Gwen (17 months) has always showed an interest in water play. I usually set up a quick water pouring activity in the bath tub and let her scoop, pour and mix to her heart's delight right before bathtime. To extend the fun and sensory experience, I typically add a teeny weeny bit of food colouring to the water.
I add just a few drops of food colouring to a huge amount of water so the colour is too diluted to stain Gwen's skin. For colouring, I use Watkins Food Colouring, derived from pure vegetable juices and spices with no artificial color additives, so that gives me greater ease of mind. I understand parents may still be wary about use of food colouring in play, so you do you! :)
On one occasion, I opened my fridge, spotted a cow's milk carton and thought,
Why not add milk to the water? A milk bath play sounds fun.
That very afternoon, we tried it and pouring stations are never the same again. Gwen played for a grand total of 1 hour and 15 minutes, till her little fingers looked pruny like raisins!
1 hour 15 minutes! That should go into a Guinness book of records for holding a young toddler's attention!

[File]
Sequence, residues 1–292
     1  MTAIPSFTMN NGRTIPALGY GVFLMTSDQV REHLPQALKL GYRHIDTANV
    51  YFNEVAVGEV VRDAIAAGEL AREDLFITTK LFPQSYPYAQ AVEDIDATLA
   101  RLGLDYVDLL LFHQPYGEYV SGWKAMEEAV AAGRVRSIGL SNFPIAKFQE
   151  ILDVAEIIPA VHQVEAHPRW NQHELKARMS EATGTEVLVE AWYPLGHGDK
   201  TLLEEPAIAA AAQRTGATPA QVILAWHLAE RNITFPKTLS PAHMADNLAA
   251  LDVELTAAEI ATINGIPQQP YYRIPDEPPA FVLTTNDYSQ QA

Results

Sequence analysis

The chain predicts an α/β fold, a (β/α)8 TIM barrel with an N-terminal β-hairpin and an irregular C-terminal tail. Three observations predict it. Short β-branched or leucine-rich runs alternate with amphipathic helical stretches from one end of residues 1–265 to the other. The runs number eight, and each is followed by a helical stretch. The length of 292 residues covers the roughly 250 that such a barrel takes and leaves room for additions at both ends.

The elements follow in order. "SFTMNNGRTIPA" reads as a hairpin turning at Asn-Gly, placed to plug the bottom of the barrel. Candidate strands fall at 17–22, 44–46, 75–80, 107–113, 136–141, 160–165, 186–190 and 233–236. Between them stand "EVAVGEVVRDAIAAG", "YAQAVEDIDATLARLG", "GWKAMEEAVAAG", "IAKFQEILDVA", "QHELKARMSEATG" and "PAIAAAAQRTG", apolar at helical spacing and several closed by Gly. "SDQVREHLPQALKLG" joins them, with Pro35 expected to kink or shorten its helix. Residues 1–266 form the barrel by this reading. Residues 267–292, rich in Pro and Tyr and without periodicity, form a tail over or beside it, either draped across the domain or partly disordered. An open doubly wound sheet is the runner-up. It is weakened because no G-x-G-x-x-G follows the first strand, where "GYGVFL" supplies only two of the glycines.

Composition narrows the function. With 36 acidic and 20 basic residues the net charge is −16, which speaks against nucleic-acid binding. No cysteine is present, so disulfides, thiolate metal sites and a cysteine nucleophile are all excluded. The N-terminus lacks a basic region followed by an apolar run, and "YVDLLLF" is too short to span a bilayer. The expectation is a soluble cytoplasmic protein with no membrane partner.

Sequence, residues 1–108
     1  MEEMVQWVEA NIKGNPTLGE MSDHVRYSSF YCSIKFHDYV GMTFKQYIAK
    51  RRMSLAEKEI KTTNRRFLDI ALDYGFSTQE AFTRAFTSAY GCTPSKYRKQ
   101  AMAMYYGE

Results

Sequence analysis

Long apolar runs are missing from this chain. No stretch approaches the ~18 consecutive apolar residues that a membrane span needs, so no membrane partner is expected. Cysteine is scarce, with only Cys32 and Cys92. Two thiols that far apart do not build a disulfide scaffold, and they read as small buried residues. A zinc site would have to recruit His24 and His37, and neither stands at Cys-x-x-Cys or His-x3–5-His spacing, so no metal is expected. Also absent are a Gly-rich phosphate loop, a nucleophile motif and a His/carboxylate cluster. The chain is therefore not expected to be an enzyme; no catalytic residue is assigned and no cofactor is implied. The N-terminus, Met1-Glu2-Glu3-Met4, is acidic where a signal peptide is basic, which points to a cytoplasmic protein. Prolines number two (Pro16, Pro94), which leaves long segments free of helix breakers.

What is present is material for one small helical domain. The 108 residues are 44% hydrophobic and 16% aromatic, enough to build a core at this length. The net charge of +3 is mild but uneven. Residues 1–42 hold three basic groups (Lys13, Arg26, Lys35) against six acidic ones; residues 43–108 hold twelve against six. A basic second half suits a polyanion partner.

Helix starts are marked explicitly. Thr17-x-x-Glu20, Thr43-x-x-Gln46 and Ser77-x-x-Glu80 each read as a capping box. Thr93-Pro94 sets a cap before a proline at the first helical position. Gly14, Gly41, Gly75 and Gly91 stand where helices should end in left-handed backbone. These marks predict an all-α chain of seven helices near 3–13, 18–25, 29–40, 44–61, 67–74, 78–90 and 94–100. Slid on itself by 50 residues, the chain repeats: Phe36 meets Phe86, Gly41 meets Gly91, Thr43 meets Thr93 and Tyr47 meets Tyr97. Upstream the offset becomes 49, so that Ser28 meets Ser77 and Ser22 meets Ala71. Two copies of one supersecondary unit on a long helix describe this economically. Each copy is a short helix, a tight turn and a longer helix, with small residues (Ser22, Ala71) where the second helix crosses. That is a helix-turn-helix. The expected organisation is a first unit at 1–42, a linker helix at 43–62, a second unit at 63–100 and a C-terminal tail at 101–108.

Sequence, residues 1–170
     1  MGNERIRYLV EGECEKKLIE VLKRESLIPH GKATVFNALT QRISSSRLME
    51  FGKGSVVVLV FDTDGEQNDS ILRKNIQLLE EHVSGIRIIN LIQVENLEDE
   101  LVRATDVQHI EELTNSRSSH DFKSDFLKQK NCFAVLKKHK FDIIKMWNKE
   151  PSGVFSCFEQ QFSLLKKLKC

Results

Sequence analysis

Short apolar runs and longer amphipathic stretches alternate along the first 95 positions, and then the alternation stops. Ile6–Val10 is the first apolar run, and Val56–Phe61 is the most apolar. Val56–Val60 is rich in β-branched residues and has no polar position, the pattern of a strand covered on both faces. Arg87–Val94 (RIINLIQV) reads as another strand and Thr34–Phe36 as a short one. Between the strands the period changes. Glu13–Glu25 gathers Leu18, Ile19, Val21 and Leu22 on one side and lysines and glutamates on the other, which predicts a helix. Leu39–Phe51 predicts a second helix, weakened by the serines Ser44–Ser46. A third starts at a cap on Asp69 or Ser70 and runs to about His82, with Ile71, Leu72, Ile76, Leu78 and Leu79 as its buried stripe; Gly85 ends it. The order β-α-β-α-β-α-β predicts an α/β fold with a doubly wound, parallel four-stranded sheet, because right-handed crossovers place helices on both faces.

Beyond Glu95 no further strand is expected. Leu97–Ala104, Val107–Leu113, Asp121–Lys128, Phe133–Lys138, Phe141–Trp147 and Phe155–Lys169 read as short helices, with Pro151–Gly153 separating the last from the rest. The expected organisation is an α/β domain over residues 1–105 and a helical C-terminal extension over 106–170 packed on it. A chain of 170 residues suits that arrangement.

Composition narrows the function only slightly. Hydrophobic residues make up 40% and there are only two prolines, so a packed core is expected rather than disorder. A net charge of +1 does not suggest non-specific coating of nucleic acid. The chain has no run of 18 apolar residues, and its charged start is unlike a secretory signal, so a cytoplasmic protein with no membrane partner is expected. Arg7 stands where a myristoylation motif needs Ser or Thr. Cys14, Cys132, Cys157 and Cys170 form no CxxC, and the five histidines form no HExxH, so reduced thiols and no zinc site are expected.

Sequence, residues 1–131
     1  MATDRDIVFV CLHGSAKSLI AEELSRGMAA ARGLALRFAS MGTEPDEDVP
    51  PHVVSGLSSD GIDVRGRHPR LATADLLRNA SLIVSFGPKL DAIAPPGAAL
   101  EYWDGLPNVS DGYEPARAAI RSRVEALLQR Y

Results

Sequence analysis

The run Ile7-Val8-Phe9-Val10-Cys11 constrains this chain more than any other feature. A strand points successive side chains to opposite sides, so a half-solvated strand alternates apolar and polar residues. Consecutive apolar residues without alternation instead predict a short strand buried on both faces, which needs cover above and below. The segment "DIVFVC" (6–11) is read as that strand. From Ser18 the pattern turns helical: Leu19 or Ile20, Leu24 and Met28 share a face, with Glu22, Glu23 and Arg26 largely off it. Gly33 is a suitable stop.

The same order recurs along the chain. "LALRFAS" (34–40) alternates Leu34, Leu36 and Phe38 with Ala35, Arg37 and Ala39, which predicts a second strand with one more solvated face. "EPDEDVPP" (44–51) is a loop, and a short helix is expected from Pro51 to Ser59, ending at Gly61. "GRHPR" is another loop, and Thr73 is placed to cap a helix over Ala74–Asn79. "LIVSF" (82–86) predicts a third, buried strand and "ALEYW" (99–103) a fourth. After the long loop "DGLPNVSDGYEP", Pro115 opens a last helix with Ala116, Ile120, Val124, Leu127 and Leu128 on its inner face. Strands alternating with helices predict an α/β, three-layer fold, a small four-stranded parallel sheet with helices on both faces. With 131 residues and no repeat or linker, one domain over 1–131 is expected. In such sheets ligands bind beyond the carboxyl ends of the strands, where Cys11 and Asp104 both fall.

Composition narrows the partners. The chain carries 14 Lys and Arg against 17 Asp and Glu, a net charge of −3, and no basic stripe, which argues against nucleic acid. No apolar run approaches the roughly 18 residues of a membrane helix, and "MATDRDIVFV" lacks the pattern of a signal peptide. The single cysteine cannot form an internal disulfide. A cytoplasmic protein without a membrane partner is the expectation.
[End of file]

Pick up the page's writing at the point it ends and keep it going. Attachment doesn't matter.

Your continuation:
Value Add of Milk to Water Play
It occurred to me that Gwen had never touched or explored water that wasn't clear or translucent. When milk was added, it turned the water white and opaque instantly. When she dipped her hands into the cloudy water, she couldn't see them. When she threw objects into the milky water, they sank and disappeared from sight. It was all very new, different and exciting to her.
Milky water also made for the perfect game of hide and seek. I removed my ring and dropped it into the cloudy water for her to grope around and find, and she enjoyed this game very much.
It's extraordinary how a common, ordinary ingredient like milk could be such a game-changer for a water pouring station activity.
Sometimes, I also throw little wild flowers Gwen picks on outdoor strolls into the milky water so she can swirl them around, prod them, and watch them float to the water surface again and again.
For little ones with cow's milk allergies, I would recommend substituting with another form of dairy milk (goat's milk, perhaps?) or non-dairy milk (almond milk, soy milk or cashewnut milk) which your child is okay with. This is because your child may accidentally consume a bit of the milk or water during play, so it's better to err on the safe side of things!
To follow Gwen's play adventures, check out @miraculove_sg (Instagram) or A Toddler Activity A Day Facebook Group.
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Hi! I am Yunnie. I am the newly minted mama to a little baby girl and a mum friend to everyone on this special (and many times scary) journey of motherhood. Also a graduated bride with a penchant for weddings.